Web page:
Scam, kidnap by South African police

Scam, kidnap by South African police

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Scam, kidnap by South African police

Scam, kidnap by South African police

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Sonny Okosuns

Sonny Okosuns. SJ Dodgson. MJoTA 2013.

From September 2006 through May 2008, until I was swept away by Kenya, I was a frequent congregant in a Nigerian pentecostal church just outside Washington DC, in Prince George's County in Maryland.

On my first visit to the church I sat next to, and was warmly greeted by, a tall woman and her tall husband, who were a head taller than just about everyone, as was I. 

That first visit was memorable for its length, with 2 sermons, a full choir, the lead pastor leading the choir and the congregation in gospel songs, the rolling on the floor of a woman who was speaking in tongues. During the second sermon, when we were all started to fall asleep in the heat, the pastor told us to stand up! and praise the Lord! That woke us up.

I loved it all. The 10 male pastors at the front of the church wearing long lace gowns, praying loudly, the introduction of pastors as "men of God", and my sweetheart, one of the pastors, who was enthusiastically playing guitar, jumping up and repositioning video cameras, running back to adjust the sound system, running outside, introducing me to an enormous woman he told me was his wife in name only, who happily invited me back to their place. I did go, many times, but not that day.

By March 2008 my sweetheart had gone the way of the wind, and a more serious man, a scientist, had my affections. This man was a relative of one of the well-known musicians of the age of Biafra, Rex Lawson, and on our first meeting had given me a recording of songs by Sonny Okosuns. Rex Lawson died in an accident in 1971, but his songs live on in Nigeria.

And I heard Sonny Okosuns give a sermon at church, and beg forgiveness for a choir member who had disobeyed the senior pastor. A tiny man, looking frail from cancer, but so huge. I adored him immediately.

One morning, at my new flame's house, I called Tinuke and told her where I was, and she invited me over.
As I walked into her house, I saw Sonny Okosuns poster in Tinuke's sitting room. I was all excited, I had just been listening to his songs. Tinuke laughed, and asked why I not know her husband was his brother and his manager? She asked me if I would like to meet him, right away!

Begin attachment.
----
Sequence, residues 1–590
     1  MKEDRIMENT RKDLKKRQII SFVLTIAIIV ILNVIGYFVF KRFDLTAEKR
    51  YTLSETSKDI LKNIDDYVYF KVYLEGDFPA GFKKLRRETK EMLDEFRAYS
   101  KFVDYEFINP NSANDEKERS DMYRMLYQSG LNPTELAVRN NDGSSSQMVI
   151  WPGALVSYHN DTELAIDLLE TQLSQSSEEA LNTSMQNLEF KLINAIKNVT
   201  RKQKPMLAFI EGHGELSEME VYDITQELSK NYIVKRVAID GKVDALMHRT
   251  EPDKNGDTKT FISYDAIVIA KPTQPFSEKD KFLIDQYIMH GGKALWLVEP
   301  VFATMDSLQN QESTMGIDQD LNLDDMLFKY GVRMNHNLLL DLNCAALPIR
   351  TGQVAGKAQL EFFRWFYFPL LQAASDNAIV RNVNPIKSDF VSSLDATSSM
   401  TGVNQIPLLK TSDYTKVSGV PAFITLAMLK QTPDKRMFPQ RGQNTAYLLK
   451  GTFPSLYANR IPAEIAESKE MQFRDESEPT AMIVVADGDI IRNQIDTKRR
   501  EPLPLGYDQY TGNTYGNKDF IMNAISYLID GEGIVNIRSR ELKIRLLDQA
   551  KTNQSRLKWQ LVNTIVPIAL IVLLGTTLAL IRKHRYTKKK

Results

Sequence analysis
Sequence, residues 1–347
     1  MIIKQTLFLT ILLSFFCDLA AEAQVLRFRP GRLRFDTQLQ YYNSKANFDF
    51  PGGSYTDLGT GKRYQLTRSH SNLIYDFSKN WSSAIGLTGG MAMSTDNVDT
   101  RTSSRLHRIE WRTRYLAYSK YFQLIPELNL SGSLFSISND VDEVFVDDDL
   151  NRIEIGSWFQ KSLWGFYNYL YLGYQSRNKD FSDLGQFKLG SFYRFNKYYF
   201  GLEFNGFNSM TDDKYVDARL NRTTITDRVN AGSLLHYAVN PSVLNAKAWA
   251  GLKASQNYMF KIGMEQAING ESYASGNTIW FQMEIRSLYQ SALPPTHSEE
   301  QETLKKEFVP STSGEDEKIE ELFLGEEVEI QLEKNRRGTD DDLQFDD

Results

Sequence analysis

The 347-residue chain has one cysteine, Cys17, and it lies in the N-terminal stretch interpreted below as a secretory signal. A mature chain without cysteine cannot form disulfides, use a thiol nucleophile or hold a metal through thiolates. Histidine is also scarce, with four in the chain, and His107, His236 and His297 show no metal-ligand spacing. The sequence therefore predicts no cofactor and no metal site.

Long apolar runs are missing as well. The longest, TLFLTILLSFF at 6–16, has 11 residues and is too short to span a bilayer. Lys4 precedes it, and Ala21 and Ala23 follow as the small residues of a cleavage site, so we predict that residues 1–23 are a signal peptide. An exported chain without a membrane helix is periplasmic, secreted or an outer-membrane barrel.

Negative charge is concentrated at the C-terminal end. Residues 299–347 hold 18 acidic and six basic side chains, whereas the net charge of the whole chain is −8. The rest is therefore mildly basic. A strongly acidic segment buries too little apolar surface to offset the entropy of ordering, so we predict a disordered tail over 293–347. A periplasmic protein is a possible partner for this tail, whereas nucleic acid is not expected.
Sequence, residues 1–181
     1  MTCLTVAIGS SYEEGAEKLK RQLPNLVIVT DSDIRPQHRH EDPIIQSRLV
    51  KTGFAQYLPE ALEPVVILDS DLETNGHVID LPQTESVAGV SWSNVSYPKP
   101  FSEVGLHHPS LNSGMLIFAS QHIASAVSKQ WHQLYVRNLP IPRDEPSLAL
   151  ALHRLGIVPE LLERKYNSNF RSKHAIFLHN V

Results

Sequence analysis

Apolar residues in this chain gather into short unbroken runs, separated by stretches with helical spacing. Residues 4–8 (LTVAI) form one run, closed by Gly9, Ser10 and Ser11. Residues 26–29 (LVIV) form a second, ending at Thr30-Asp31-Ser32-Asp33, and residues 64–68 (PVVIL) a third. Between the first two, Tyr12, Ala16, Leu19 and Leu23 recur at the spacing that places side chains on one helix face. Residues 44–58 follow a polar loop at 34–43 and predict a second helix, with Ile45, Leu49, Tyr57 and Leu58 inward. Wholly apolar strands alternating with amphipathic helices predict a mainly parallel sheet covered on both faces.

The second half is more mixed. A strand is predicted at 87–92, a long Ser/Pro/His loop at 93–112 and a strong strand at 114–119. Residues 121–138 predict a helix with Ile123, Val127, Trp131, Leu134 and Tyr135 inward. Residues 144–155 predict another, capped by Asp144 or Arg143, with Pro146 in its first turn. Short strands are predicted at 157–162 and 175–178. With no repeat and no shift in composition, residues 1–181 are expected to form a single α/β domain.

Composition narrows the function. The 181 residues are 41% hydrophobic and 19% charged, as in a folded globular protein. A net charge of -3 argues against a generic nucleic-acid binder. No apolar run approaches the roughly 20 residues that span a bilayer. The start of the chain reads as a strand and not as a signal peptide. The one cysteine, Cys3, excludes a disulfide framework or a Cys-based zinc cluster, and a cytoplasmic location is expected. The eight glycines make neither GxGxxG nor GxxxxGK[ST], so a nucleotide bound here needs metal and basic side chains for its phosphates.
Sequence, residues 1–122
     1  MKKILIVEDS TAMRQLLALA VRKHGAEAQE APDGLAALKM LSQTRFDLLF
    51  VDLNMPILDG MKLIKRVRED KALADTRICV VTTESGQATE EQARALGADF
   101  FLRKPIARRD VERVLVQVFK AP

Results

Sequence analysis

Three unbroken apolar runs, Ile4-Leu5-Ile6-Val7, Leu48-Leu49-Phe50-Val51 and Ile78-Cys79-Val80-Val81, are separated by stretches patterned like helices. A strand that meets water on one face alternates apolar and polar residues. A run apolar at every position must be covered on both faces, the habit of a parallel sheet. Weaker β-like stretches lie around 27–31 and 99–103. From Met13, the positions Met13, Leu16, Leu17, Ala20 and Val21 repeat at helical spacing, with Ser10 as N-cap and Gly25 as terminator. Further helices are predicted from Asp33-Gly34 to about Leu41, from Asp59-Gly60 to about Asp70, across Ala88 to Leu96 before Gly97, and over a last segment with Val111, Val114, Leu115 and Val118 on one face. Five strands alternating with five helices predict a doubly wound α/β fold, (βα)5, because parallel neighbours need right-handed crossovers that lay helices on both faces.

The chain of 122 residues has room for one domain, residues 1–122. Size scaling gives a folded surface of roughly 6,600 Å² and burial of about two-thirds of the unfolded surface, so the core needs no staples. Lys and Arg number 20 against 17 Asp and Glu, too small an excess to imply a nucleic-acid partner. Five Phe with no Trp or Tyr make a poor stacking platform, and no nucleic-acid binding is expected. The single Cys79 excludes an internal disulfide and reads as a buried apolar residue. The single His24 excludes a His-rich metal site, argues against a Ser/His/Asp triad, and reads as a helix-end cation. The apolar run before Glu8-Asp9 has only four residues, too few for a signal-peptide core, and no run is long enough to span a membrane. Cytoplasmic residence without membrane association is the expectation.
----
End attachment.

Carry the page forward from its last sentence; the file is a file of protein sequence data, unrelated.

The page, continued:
I drove Tinuke and her husband and baby about 2 miles, to be warmly greeted by Sonny, who recognized me from church. He was packing to return to Nigeria in a week, and needed Bibles, could we all drive together to the Bible shop?

Sonny and Florence piled into my little car with Robert, Tinuke and the baby, and we spent several hours in the Bible Store. Sonny stocked up on 10,20, 30 Bibles, and then had 4 inscribed in gold, which he told me were gifts to dignitaries, including the vice-president of Nigeria. Who became the President of Nigeria in 2009. I hope Sonny had time to give it to him.

The next week, I was back. I had told my flame that Sonny wanted to meet him, but my flame works for the Federal Government and for reasons I will never understand, is careful to paralysis about who he talks to and what he does.
And the opportunity was lost.

My second excursion around Maryland's Prince George's County was to get Sonny's phone organized before he left for Nigeria. I loved him walking into a phone store, heard a salsa playing, grabbed hold of a sales associate and started dancing. Sonny was sunny: he was pure joy. He and his brother sang harmony in the car while we were driving around; Sonny was very interested in the malaria movie I was making, and promised to write and perform original songs in it. Amen I said.

The next day, Sonny and Florence went back to Nigeria. I returned also to Nigeria a few weeks later, discarded my flame for a Kenyan who claimed to be an expert on malaria and just about everything, and during a meeting in the World Bank 8 weeks later, my discarded flame sent me a text message. Sonny had died of cancer.

Sonny's memorial service was jammed with easily 1,000 people in Maryland. We heard that he had returned to Maryland and danced at his daughter's graduation the week he died. The spirit is the last to go. Or maybe never goes. I was so privileged to have met Sonny Okosuns.